Nicotine is a natural chemical found in tobacco plants. Smaller traces of it can also naturally be found in foods such as tomatoes and potatoes. For much of the 20th century, smoking cigarettes and using other tobacco products were widely adopted habits and generally accepted. By the 1990s, however, studies had revealed nicotine to be an addictive substance and further revealed that tobacco products were one of the leading causes of cancer. Although smoking is still popular among many, most are now aware of the dangers of smoking, which may have led to a smaller percentage of smokers overall. Many cities worldwide have implemented some form of smoking ban in public places, further restricting the prevalence of smoking nicotine products.

Not all tobacco nicotine products are smoked. Chewing tobacco, or chew, is tobacco that users insert into their mouth in order to suck the juices. Chewing tobacco comes in two forms: whole leaf or dipping tobacco. Whole leaf chew requires the user to grind the product with their teeth in order to release nicotine-containing juices. Dipping tobacco, on the other hand, is ground up into a finer form; the user merely has to let the product rest inside the lower lip for juices to be absorbed into the mouth. Chewing tobacco products are known causes of cancer in the mouth and throat.

As nicotine is an addictive substance, there is a large market of nicotine products intended to help people stop smoking or chewing tobacco. These products contain smaller traces of nicotine which are intended to slowly wean the user off the drug. After consulting a doctor about which product is best for a particular individual's needs, one may choose from nicotine gum, patches or lozenges.

Such products are meant to be used for a specified period of time, after which the individual has hopefully kicked their addiction. Stopping nicotine consumption in one fell swoop is known as quitting "cold turkey." While this method works for some individuals, for others withdrawal symptoms and cravings prove too difficult to conquer without the aid of a nicotine product.

Some people choose to continue using nicotine products, but wish to at least do so without the harmful effects of tobacco smoke and chew. E-cigarettes allow users to inhale puffs of nicotine that simulate the experience of tobacco smoke. E-cigarettes can also emit non-nicotine vapors for helping smokers kick a nicotine addiction.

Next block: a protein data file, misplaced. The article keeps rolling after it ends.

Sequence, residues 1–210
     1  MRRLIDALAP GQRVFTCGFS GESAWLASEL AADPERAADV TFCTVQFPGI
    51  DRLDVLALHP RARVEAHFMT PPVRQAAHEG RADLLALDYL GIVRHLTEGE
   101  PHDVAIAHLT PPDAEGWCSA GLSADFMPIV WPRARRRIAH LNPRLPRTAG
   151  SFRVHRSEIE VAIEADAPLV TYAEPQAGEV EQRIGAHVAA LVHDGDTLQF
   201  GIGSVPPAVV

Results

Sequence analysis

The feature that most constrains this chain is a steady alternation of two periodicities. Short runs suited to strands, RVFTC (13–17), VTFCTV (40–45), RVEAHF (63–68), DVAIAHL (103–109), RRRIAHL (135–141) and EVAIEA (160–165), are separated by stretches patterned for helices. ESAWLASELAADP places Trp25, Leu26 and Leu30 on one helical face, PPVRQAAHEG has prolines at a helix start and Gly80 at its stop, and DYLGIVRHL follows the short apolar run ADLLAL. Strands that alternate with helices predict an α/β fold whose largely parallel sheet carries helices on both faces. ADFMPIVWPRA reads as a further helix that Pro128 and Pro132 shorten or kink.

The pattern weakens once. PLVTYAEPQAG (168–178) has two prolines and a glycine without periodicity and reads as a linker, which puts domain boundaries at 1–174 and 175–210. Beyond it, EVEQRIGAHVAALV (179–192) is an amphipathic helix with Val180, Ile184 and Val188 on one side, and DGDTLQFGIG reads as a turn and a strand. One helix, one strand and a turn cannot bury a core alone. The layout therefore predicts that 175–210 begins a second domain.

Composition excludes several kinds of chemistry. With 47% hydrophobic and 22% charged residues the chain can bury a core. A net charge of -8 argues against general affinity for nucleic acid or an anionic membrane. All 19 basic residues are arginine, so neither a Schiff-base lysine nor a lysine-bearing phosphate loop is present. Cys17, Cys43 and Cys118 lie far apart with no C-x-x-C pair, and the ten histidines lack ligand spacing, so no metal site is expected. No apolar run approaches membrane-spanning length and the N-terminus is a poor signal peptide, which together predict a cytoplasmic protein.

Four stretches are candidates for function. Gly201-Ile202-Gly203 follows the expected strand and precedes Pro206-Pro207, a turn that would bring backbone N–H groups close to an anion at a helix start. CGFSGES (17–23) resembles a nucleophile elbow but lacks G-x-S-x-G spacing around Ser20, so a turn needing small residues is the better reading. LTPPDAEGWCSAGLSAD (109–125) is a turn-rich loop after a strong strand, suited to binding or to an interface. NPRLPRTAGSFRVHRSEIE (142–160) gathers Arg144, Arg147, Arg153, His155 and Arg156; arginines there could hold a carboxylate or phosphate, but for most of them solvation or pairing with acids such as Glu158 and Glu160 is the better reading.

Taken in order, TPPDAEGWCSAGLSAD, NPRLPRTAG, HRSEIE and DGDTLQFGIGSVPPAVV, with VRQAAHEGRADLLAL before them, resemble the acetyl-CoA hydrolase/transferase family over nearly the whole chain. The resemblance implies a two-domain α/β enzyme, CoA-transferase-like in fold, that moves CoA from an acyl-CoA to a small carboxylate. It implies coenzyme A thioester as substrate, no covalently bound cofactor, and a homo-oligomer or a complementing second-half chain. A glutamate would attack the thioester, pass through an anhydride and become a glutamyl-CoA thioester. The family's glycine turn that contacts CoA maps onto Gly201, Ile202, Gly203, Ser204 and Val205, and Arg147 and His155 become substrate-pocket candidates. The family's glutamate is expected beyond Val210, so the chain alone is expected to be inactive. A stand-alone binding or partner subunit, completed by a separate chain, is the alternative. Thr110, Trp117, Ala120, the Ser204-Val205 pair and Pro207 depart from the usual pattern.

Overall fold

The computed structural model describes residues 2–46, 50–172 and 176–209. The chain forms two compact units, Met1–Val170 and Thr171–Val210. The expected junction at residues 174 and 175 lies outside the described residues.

Candy-like nicotine products manufactured by tobacco giants have also come on the market. The products typically come in the form of strips, orbs and sticks that are candy-flavored alternatives to smoking that contain nicotine. Such products have received widespread criticism under the argument that their candy form could be enticing to younger ages.

On its own—without the harmful smoke, chemicals and increased odds of cancer associated with tobacco products—nicotine is much more benign to one’s health, but still isn't exactly considered a healthy product. Although it can help stimulate energy and induce relaxation in people, its addictive qualities can be psychologically harmful. It can also increase the risk of heart disease by increasing amounts of bad cholesterol.

The Health Board is dedicated to providing accurate and trustworthy information. We carefully select reputable sources and employ a rigorous fact-checking process to maintain the highest standards. To learn more about our commitment to accuracy, read our editorial process.
Discussion Comments
By anon939093 — On Mar 12, 2014

Studies have shown that nicotine alone isn't very addictive, if at all.

The Health Board, in your inbox

Our latest articles, guides, and more, delivered daily.

The Health Board, in your inbox

Our latest articles, guides, and more, delivered daily.